Letters of Interpretation
OSHA requirements are set by statute, standards and regulations. OSHA interpretation letters explain these requirements and how they apply to particular circumstances, but they can not create additional employer obligations. OSHA letters constitute their interpretation of the requirements discussed. From time to time, OSHA updates their guidance in response to new information. To keep apprised of such developments, you can consult OSHA's website at www.osha.gov.
January 28, 1997—This is a letter of interpretation in response to Mark W. DeLawyer, Secretary and Senior Rigger, International Alliance of Theatrical Stage Employees Local 9 regarding fall protection for the entertainment industry under the Occupational Safety and Health Act of 1970. The original letter was from 1997 but it was edited in 2002 to reflect changes in OSHA policy.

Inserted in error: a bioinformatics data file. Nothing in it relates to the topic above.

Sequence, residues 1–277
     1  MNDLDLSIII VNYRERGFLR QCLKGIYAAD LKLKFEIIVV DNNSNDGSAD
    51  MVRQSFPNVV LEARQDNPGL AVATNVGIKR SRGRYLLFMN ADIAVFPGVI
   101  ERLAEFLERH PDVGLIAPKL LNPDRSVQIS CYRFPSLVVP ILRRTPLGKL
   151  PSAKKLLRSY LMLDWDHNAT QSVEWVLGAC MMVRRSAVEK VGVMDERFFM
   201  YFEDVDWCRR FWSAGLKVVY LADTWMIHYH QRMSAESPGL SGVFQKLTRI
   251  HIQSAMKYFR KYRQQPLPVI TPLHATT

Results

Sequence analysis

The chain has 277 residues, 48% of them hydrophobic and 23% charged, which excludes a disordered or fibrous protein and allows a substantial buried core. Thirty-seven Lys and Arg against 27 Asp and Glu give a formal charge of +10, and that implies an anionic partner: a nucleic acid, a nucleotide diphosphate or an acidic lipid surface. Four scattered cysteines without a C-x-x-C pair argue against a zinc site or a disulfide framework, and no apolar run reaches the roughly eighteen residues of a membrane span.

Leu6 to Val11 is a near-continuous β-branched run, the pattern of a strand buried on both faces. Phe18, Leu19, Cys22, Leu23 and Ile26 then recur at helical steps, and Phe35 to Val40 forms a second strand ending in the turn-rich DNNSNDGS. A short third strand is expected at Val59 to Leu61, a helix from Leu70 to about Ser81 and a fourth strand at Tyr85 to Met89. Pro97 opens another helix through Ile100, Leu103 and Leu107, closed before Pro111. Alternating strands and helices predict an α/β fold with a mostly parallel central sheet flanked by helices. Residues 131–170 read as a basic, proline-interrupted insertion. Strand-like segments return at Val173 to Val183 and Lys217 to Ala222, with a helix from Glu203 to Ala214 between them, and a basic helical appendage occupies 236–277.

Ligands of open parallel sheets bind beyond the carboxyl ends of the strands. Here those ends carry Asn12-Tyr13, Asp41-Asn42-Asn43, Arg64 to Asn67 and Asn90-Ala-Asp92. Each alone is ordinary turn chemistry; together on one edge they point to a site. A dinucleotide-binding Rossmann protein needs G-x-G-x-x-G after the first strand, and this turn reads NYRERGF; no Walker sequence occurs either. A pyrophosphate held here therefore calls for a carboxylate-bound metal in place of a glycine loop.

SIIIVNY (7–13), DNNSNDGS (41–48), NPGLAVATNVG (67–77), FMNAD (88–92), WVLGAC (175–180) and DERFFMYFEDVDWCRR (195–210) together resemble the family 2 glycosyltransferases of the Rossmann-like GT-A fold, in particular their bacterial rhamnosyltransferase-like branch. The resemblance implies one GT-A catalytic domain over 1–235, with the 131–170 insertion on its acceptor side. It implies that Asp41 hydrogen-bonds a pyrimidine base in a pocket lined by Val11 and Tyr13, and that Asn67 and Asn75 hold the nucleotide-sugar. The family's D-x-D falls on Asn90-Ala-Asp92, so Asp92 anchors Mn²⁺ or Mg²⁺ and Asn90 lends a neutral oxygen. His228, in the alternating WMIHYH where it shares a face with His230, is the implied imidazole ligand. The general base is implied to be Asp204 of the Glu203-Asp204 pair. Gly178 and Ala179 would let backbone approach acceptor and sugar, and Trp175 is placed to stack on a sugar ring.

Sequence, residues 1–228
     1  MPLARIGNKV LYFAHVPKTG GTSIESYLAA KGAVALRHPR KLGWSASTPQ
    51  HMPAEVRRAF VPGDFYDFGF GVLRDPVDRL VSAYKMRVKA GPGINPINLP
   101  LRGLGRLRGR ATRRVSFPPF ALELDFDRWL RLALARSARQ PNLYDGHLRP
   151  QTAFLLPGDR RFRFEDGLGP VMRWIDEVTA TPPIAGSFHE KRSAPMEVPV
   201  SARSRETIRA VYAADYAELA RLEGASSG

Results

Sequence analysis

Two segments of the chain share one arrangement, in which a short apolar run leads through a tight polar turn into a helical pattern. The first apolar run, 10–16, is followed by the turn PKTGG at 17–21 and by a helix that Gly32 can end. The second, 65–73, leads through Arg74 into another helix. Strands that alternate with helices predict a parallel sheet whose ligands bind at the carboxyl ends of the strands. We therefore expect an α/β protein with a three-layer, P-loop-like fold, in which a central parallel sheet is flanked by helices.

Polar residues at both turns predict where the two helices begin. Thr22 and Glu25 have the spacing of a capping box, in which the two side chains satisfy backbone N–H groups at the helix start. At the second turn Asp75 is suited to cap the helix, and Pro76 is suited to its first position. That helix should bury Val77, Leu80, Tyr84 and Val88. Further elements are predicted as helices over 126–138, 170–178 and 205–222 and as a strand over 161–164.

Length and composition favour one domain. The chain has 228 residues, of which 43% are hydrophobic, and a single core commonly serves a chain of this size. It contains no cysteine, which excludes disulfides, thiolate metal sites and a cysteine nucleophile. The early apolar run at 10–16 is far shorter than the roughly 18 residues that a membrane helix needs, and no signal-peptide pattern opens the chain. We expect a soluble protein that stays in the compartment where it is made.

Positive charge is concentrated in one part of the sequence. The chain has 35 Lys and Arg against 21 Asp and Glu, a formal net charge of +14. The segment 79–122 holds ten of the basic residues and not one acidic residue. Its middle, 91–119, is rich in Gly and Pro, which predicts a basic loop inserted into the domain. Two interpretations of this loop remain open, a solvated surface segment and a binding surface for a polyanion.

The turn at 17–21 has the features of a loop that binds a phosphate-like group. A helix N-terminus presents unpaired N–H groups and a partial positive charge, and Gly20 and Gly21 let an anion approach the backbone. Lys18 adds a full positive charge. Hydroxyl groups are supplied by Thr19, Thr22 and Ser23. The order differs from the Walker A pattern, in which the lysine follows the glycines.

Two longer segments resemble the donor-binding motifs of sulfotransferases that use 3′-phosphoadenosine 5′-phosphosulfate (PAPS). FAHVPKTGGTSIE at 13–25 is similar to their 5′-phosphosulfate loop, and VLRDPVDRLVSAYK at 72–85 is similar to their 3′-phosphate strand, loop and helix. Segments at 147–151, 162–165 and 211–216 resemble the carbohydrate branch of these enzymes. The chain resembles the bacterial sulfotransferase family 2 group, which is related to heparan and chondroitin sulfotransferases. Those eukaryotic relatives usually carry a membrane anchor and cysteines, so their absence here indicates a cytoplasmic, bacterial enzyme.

February 2, 2011— Is OSHA going to update the Code of Federal Regulations (CFR) to reflect the newer ANSI standards? And, if so, when? In the meantime, is OSHA going to incorporate/adopt the newer ANSI standards by letter of interpretation until the CFR is changed?
September 30, 2010—This letter of interpretation addresses whether or not OSHA will rely on ANSI Z359.1-2007, regarding snaphook compressive strength requirements, in enforcing the general duty clause with respect to personal fall arrest systems in construction.